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   Chapter 103 No.103

The WeatherMaker - Prince of Light By Lady Lilium Characters: 5424

Updated: 2018-07-11 12:02


Valery wanted to argue, to make them change their minds. But she knew nothing could be done. This was not in her mother's power, and her father, would not allow such protests from her. She did not feel for him as she did for her mother and brother, and she knew that he felt the same.

Her father had never seen her as a daughter.

He stood there now, watching her with scrutiny.

'Here' her mother said, handing Valery a small doll.

It was a thing she had made herself to give to her daughter when she was very young. Her father had disapproved, saying a queen should not be doing such trivial things. He had taken it away from Valery, and looked as if he wanted to do so now.

'Please' Valery begged him before he could speak. 'Please let me keep it. Please.'

The king frowned furiously down at her, pursing his lips with his hands upon his waist. He huffed irritably, at last relenting. He waved his hand at her dismissively, and Valery sighed, hugging the doll to her chest.

It was hers.

Her parents stood before the steps of the palace, the palace that was now no longer her home. They watched as she climbed into the carriage that waited at the foot of the steps before the palace, her luggage, all her clothes and most valuable possessions, were carried in after her by two servants.

Valery leant back in the seat within the carriage, watching her parents as they stood side by side.

Her mother's eyes were red, and she clutched a handkerchief in her hand. Beside her, her father looked bored.

The carriage rocked as Jadon entered, sitting opposite her.

The door of the carriage was slammed shut from the outside, and the servants backed away, heads bowed.

The coach driver snapped the reins, and the carriage jolted into motion. Valery fought back tears, watching her parents, her attention fixed on both of them.

She knew this was the last time she would ever see them again, and Jadon, who was only accompanying her until they reached the ship that would take her away from this land.

Cam was on his knees now, head bowed and hands together, praying before the statue of Kachi. A depiction of the goddess of the sea, where it was believed all life began. Her head was thrown back and her arms extended, she was enveloped by two great eels which curled around her scaly tail. This room was one of many dotted throughout the palace, little sanctuaries, hidden in quiet corners here and there. Cam found comfort in these places, and peace. Not even Brioke came here to look for him. Not yet anyway. Since he had become king, Cam spent less and less time with the books he loved so much, and more and more time here at the shrines.

He spoke to the gods often now

, and would pray, asking for, begging for favours, begging for things to change.

'Please let me go outside' he spoke quietly to the goddess before him. 'Please. I have not left these walls for far too long. Please, let me see the outside world again, to be free as I was when I was a child. I want to be far away from here….I want to leave this place…and never come back.'

Day after day he prayed for the same thing, hoping that one day perhaps his prayers would be noticed by the gods, and perhaps even answered. The gods were busy, and many people prayed to them. He had to pray often to stand out from the others.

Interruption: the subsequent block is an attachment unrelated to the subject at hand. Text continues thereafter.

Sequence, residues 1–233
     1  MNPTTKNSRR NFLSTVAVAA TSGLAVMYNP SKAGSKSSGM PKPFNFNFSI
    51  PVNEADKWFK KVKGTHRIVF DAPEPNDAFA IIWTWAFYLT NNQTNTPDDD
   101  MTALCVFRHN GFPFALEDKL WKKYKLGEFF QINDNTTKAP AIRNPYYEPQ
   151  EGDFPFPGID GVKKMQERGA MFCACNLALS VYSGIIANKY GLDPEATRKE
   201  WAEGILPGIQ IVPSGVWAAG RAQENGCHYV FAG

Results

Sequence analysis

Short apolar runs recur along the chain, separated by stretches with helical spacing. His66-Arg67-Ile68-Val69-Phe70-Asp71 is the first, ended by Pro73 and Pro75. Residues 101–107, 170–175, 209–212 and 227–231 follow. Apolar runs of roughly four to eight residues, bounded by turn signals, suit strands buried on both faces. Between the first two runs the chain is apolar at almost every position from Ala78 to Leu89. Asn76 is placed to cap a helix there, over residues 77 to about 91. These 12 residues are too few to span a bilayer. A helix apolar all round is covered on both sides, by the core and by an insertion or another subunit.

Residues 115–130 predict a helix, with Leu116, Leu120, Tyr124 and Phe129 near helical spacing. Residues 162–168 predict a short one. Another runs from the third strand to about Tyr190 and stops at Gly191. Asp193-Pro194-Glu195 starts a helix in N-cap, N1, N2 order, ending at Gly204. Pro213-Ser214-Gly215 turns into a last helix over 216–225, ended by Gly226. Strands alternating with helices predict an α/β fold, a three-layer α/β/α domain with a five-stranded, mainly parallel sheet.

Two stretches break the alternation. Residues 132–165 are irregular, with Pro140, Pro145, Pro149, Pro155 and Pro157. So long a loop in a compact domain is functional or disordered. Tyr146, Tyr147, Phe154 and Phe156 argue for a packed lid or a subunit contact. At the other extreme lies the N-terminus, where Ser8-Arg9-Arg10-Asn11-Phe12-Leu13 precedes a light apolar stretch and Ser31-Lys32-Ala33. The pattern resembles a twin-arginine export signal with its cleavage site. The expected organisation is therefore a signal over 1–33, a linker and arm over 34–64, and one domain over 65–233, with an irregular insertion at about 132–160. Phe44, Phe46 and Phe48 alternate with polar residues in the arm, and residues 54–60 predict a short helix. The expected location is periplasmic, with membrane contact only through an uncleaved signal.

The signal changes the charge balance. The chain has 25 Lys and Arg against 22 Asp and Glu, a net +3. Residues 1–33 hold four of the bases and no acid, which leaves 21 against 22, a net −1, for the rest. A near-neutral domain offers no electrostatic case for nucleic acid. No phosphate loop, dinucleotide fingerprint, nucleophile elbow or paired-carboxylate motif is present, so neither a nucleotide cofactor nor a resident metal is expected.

Cam raised his head, drawing his hands apart.

He rose to his feet, regarding the statue before him, staring at it intently.

I had hoped at least some things would have changed for the better once I became king he thought miserably. But they are just the same as before…if not worse……

He turned from the shrine, and strode out of the room.

Outside the palace, all around the city were stationed lookouts. Single men, who appeared at a glance to be completely unremarkable, and anyone whose attention would linger on them, would swiftly move on to something else. There were sixteen of them, positioned in an unbroken circle all around the city, even to the north-west where there was the sea; they waited, posing here as lone fishermen in little rowboats. But all of their bows were strung and ready to fire, hidden from view beside their arrows. Here they waited for many days, even throughout the night, often changing shifts, but never leaving their posts abandoned.

On one day, one of the men who had been leaning against a tree outside the city, gazing up at the sky, saw at last what they had been waiting for. It was a messenger bird, a falcon, heading for the palace. The man rose swiftly to his feet, reaching for his bow and nocking his arrow, never taking his eyes off the bird.

He stood tall, drawing the string of the bow back.

He fired, and a moment later, the messenger bird fell from the sky.

The lookout concealed his bow again swiftly, before running as fast as he could to the spot where the bird had fallen.

He was just outside the city, beyond the walls and the streets, and so no one saw what he did. The man untied the little leather roll from the bird's leg, taking from within it the small piece of parchment and reading it quickly.

He was frozen as he read, then slipped the piece of parchment into a pocket, taking the dead falcon with him also and returning to the city.

The lookout, when he reached the building that could have been called their base, placed the dead bird upon the table. Before him, the queen looked up.

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